castor-oil plant, (Ricinus communis), also called castor bean, large plant of the spurge family (Euphorbiaceae), grown commercially for the pharmaceutical and industrial uses of its oil and for use in landscaping. Probably native to tropical Africa, the castor-oil plant has become naturalized throughout warm areas of the world. The plants are chiefly cultivated in India, China, and Brazil, largely as the source of castor oil. Although the plant is the only species in its genus, there are hundreds of natural forms and many horticultural varieties. The oil-rich seeds contain the poison ricin, one of the most toxic substances known, and consumption of chewed seeds can be lethal.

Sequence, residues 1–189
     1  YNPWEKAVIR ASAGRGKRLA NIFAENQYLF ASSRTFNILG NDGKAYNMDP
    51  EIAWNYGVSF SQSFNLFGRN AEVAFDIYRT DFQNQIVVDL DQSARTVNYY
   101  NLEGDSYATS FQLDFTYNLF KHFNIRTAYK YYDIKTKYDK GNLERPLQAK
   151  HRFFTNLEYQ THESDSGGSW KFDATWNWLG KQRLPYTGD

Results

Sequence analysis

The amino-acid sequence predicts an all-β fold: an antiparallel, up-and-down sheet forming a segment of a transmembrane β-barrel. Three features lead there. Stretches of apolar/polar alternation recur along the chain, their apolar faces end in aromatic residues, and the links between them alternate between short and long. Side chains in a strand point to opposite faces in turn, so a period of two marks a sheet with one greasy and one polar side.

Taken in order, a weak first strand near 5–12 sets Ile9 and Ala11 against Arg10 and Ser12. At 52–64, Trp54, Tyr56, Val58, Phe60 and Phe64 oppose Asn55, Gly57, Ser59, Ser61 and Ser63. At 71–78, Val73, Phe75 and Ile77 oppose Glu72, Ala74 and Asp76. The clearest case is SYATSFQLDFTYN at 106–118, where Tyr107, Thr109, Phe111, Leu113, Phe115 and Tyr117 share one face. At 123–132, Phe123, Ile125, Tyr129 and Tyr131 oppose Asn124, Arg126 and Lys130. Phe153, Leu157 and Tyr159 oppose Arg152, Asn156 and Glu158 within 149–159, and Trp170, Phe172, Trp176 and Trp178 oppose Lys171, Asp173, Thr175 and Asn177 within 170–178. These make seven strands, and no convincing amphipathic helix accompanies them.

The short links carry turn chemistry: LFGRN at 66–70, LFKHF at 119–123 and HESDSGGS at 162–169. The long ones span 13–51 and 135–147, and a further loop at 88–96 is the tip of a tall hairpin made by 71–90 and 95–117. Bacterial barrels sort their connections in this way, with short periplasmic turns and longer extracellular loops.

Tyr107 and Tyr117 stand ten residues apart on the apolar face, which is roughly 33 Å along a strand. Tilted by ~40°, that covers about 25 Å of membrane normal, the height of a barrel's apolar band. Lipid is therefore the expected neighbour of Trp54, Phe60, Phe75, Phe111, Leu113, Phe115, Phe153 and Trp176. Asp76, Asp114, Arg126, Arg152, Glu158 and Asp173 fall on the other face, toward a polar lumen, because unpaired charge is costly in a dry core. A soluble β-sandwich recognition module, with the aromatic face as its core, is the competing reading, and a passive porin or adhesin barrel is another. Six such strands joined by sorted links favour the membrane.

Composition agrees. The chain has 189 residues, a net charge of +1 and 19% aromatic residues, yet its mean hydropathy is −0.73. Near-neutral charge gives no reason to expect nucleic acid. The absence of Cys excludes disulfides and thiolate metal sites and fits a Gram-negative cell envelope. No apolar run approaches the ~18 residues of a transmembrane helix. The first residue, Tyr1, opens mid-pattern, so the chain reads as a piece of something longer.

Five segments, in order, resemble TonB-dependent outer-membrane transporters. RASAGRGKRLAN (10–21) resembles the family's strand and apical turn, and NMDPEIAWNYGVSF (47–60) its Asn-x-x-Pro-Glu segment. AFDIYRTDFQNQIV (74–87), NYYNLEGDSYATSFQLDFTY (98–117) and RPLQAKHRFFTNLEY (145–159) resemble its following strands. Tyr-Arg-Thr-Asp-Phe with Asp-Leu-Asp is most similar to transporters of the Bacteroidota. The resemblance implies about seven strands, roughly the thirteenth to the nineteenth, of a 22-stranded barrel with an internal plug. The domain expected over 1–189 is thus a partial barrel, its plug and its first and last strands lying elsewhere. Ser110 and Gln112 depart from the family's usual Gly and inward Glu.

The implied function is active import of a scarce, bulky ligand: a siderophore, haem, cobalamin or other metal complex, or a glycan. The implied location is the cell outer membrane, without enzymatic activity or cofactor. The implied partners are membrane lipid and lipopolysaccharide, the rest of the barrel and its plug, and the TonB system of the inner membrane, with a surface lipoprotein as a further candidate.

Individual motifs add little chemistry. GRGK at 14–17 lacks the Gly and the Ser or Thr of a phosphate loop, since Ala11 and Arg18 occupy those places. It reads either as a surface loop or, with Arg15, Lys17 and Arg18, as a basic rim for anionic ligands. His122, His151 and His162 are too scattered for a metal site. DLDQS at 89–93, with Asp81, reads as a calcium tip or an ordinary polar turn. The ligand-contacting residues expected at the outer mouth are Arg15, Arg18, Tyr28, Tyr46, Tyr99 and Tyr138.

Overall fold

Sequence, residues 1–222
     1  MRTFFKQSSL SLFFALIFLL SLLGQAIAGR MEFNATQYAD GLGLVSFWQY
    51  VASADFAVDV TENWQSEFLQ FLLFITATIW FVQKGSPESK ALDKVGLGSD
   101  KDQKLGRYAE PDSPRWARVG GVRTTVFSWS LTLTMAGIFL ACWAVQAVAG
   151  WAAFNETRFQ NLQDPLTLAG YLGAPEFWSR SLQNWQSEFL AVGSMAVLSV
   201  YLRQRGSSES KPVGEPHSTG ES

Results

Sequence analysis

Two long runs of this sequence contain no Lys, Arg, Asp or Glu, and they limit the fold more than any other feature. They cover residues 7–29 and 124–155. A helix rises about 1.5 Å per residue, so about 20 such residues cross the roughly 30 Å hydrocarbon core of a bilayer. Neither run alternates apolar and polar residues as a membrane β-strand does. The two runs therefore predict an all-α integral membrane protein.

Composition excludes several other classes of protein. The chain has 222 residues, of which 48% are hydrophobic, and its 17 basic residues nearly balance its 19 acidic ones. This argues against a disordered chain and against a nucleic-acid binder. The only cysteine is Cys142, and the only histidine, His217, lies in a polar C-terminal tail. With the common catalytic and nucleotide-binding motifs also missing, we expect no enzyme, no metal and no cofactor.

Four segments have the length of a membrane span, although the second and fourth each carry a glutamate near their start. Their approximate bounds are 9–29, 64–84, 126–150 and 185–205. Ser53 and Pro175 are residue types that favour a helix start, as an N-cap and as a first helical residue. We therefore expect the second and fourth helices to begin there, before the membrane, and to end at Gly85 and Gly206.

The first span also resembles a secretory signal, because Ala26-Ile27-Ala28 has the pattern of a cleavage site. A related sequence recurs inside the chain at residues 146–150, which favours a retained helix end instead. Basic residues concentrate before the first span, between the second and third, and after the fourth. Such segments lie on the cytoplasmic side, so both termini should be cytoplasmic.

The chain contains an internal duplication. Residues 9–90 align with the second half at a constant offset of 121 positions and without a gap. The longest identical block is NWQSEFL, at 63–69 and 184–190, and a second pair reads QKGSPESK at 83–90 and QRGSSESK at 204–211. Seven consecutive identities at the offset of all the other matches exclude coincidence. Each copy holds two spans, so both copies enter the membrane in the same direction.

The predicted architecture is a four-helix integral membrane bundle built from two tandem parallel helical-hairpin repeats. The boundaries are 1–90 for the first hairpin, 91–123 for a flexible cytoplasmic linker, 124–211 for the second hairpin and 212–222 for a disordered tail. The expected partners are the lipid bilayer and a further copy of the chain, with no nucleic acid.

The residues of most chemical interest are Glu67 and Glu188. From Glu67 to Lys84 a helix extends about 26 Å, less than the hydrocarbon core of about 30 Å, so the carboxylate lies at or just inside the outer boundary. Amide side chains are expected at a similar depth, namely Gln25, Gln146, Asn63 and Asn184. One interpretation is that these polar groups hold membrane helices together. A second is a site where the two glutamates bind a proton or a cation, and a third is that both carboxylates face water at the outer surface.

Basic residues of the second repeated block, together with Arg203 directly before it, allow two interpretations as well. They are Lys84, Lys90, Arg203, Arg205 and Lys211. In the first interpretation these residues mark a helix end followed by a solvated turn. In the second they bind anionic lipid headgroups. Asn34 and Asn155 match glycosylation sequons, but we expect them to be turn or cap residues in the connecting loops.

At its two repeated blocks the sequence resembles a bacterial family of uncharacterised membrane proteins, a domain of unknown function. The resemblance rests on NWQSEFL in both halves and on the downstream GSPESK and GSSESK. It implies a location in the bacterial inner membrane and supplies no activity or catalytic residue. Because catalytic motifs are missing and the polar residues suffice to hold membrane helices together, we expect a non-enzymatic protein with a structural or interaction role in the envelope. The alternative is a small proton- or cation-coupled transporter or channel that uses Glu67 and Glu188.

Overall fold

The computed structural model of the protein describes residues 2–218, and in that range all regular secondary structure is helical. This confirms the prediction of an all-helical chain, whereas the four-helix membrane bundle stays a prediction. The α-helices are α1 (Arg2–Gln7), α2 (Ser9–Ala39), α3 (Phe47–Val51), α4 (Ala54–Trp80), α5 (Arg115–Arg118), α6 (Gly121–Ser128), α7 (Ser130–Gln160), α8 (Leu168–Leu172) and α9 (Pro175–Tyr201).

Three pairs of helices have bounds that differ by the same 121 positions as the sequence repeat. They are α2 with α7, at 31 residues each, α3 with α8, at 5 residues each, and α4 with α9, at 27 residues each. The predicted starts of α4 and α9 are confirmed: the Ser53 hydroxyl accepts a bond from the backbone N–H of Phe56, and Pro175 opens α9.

In the tropics the plants reach about 10 to 13 metres (30 to 40 feet) in height. In temperate climates they are raised as annuals and grow 1.5 to 2.5 metres (4.9 to 8 feet) in a single season. The plants bear handsome giant 12-lobed palmate (fanlike) leaves. The bristly spined bronze-to-red clusters of fruits are attractive but often are removed before they mature, because of the ricin concentrated in their mottled beanlike seeds.